Here lies a veritable black comedy about the 1996 murder of Marjorie Nugent, an 81-year-old millionaire in Carthage, Texas, by Bernhardt ‘Bernie’ Tiede. This semi-biographical, quasi-mockumentary is a peculiar film which ultimately suffers from narrative rigor mortis.
Jack Black is Bernie, a mortician and beloved member of small-town Carthage. A friendly, if somewhat effeminate man, Bernie decides to undertake (pun intended) the task of befriending local millionaire Marjorie (MacLaine), much to the chagrin of the community who widely consider her to be colder than Bernie’s clientele. A task which proves to be a grave mistake.
Richard Linklater is no stranger to directing dramas founded on true stories, as his previous collaboration with Matthew McConaughey,The Newton Boys, will attest. He supplements this docudrama with interviews from the Texan townspeople, some of whom are playing themselves. The procession of gossip that accompanies is embalmed with subtle humour and truths, giving the sense that you are genuinely eavesdropping, whilst chronicling the events leading up to Bernie’s murder of the wealthy widow. The rest is history. No, really.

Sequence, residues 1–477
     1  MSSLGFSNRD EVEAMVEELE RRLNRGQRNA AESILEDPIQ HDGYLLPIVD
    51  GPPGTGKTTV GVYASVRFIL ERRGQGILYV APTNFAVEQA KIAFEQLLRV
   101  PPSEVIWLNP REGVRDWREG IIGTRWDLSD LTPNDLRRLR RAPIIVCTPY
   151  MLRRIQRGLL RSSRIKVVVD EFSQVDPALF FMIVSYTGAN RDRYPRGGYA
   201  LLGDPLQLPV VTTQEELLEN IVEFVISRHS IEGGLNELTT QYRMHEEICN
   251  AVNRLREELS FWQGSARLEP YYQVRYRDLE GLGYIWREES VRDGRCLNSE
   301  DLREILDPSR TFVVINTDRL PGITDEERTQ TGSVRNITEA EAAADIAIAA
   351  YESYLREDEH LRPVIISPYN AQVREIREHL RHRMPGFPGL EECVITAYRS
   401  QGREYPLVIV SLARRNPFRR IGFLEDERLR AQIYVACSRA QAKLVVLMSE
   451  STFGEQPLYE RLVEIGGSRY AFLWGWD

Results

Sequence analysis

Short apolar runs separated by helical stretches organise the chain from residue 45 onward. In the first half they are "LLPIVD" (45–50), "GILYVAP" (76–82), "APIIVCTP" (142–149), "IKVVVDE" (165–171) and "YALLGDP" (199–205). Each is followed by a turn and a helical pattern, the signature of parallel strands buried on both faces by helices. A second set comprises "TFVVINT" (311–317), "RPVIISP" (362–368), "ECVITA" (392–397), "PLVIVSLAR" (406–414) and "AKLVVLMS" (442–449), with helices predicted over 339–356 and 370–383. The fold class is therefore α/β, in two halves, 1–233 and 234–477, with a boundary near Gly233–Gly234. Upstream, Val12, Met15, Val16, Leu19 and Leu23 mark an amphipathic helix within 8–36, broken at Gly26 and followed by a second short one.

Unfortunately, despite a few droll instances, Bernie is largely unfunny. Indeed, the largest nail in this film’s proverbial coffin is that for large portions it is sinfully boring, despite Black’s over-zealous attempts to hold your undivided attention. Perhaps this is simply a case of an intriguing tale not translating particularly well to the big screen. Likewise, perhaps this is a film which appeals for the most part to the American audiences who were already familiar with the story. Either way, British audiences won’t exactly be dying from laughter.
Much credit to Black though, who gives one his best performances to date, earning himself a Golden Globe nomination for this inspired portrayal of the infamous funeral director, ranging from the genial, all-singing citizen to the repentant defendant seen in the latter half. If not for this miraculous casting choice, Bernie would be left six feet under similar counterparts.
However, at the bare bones of this tragicomedy is a unique tale which inevitably will be lost in translation as it crosses the Atlantic onto UK shores, which may explain the prolonged delay since its 2011 premiere. While it can be said to be an interesting slice of American gothic, it is hard to warm to the eponymous character, and the slow pace only exacerbates the pervading apathy, which may bore some to death.